CINCINNATI -- This was more than just another loss that extended the Cincinnati Bengals' playoff drought to 25 years, including five consecutive first-round losses.
This one will linger with memories of personal fouls and a fumble serving as exclamation points as to how the Bengals imploded in an 18-16 loss to the Pittsburgh Steelers in an AFC wild-card thriller.
AJ McCarron, starting his fourth straight game in place of the injured Andy Dalton, hooked up with receiver A.J. Green on a 25-yard touchdown pass with 1:50 left in the fourth quarter, and you could almost hear a collective sigh of relief from a suffering fan base. In one instant, and with one catch of a wet football, the region finally felt as if it had something worth celebrating.
But then, a fumble from Jeremy Hill on an ensuing possession and a pair of personal foul penalties did the Bengals in, preventing what once appeared to be a certain win.
A hit by Vontaze Burfict on Antonio Brown , which drew a 15-yard penalty and put Brown in concussion protocol, sealed the Bengals' fate, as did a personal foul by Adam Jones that set up Chris Boswell's game-winning field goal.
What it means? Saturday's loss ended another Bengals season much sooner than they had anticipated. Once again, they head to the offseason with the same question looming: "What must they do to finally win a playoff game?"
What were they thinking? Without the benefit of knowing the Bengals' game plan ahead of time, it was interesting to see where they didn't much employ the offensive tactic they had so much success with last week. Jake Fisher, the rookie offensive tackle who was moved last week to H-back, did not line up at the position until 14:34 remained in the game. Primarily used on special teams, he first came in for two goal-line plays at the start of the fourth quarter. Used as a lead-blocking fullback, Fisher helped clear the way for Hill's 1-yard rushing touchdown that cut the Bengals' deficit to 15-7. The decision to wait until late to use Fisher in that capacity was noteworthy because the Bengals had so much success with him as an H-back and fullback in the season finale against the Ravens. On 18 rushes with Fisher blocking from behind the line of scrimmage in that game, the Bengals gained 108 yards and had a 38-yard touchdown run.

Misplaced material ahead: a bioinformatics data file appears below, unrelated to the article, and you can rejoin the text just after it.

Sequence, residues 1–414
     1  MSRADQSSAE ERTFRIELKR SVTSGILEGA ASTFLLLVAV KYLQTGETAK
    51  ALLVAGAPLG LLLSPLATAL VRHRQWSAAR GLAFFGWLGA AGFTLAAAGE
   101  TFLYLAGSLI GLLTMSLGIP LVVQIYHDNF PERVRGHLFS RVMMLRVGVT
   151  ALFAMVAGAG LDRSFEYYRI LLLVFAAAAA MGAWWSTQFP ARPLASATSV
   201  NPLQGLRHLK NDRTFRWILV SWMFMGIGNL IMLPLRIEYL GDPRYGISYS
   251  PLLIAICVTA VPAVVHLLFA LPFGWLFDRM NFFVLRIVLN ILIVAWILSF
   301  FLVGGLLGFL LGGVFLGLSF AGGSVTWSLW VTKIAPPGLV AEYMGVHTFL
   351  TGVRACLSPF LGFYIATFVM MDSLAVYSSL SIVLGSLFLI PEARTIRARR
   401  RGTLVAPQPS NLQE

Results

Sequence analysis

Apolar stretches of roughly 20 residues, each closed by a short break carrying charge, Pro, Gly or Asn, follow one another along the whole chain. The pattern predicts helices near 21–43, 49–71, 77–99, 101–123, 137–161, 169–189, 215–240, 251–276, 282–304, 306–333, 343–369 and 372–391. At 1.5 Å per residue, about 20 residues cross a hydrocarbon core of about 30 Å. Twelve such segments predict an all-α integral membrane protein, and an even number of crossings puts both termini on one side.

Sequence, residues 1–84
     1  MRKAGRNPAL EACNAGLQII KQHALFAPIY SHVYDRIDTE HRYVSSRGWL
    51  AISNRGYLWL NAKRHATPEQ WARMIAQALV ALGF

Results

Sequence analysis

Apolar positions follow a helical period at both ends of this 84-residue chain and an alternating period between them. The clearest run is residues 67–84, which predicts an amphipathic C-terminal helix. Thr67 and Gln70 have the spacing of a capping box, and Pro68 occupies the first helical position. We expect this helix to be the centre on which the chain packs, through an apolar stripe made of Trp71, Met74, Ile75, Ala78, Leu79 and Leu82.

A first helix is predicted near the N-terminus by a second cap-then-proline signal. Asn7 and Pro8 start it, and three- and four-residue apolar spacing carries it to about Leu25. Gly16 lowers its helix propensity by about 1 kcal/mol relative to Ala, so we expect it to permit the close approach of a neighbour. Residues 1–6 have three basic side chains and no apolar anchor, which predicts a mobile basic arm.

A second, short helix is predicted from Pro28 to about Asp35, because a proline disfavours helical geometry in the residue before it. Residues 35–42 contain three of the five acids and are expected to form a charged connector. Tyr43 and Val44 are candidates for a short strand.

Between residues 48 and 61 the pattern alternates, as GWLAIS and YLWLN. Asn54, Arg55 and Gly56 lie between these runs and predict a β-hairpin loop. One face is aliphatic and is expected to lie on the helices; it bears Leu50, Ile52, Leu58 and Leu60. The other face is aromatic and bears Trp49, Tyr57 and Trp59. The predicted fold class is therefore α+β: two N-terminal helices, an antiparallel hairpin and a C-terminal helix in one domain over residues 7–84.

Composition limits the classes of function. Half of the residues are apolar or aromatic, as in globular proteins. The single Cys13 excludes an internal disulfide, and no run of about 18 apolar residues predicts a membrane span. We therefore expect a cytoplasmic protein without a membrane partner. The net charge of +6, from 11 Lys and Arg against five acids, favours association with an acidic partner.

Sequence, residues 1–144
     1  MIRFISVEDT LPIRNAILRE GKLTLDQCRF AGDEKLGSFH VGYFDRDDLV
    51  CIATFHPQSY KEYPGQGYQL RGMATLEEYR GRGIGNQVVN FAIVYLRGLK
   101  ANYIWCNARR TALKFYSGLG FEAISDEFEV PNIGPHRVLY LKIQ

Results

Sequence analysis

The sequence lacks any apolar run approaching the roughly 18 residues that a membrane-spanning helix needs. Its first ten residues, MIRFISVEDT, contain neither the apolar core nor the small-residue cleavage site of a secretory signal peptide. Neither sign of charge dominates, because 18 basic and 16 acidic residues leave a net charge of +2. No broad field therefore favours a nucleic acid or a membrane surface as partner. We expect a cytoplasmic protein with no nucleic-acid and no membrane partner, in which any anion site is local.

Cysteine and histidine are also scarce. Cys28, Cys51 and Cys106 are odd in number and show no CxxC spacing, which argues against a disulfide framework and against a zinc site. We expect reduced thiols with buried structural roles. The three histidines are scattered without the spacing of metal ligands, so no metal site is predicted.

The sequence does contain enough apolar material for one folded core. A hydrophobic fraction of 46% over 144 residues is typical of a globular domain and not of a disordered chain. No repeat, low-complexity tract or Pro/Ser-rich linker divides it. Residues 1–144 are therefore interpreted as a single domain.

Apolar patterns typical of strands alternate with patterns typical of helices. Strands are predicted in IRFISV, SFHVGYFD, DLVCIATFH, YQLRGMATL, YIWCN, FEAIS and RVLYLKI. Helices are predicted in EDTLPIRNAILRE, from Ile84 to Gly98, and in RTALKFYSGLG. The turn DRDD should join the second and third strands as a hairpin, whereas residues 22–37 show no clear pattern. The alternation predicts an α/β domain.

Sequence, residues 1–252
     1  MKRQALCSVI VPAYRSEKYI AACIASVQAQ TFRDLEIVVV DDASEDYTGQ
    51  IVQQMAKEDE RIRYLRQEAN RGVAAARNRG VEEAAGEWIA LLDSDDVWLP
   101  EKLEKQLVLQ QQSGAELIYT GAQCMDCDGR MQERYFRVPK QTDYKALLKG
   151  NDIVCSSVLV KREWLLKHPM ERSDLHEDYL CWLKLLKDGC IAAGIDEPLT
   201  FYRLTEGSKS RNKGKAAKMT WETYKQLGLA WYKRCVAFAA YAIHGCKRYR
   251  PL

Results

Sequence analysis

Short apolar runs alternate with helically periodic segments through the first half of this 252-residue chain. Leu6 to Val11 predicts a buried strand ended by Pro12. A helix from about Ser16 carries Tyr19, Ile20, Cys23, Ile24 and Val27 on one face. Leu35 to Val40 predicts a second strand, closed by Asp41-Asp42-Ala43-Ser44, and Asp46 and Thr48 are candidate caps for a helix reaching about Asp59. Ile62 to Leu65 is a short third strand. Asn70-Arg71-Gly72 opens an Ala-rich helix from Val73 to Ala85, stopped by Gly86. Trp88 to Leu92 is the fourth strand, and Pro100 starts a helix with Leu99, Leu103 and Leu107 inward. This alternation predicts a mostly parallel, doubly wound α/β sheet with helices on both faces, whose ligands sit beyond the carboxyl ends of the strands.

One reason to be excited: At halftime, ESPN Stats & Information's team passed along an interesting nugget. In the previous six playoff games Marvin Lewis had coached, his Bengals had been outscored 84-13 in the second half. In past years, the Bengals have had serious issues either closing out games or coming back from deficits in the final half. That statistic proved it. Against the Steelers, though, there was no semblance of quit. Credit a vicious hit on running back Giovani Bernard from Steelers linebacker Ryan Shazier for waking up the Bengals. If there's anything to take from a game in which the Bengals played so poorly for nearly three quarters, it's the fact they continued to play, bucking a trend from past years.
One reason to panic: Just as the added emotion was a reason to be excited, too much of it hurt the Bengals on the Steelers' final drive. A couple of personal foul penalties put Pittsburgh in field goal range to negate what appeared to be a certain Bengals win. The penalties were charged to Burfict and Adam Jones, two players whose line-approaching play has caught the league's attention over the years.
Ouch: The biggest blow of the game came late in the third quarter when Bernard was knocked out of the game and put immediately under the concussion protocol. From the second quarter on, several key defenders couldn't stay off the trainer's table, too. Reggie Nelson, Dre Kirkpatrick and Domata Peko all suffered leg injuries in the final three quarters. Nelson's was presumably the most serious, since he never returned to action.
Game ball: McCarron, who had a difficult first half that included an untimely interception, earned the game ball for his late hookup with Green. The 25-yard touchdown pass with 1:50 left set up the Bengals for a win before personal foul penalties on the final Steelers drive ripped the game from Cincinnati.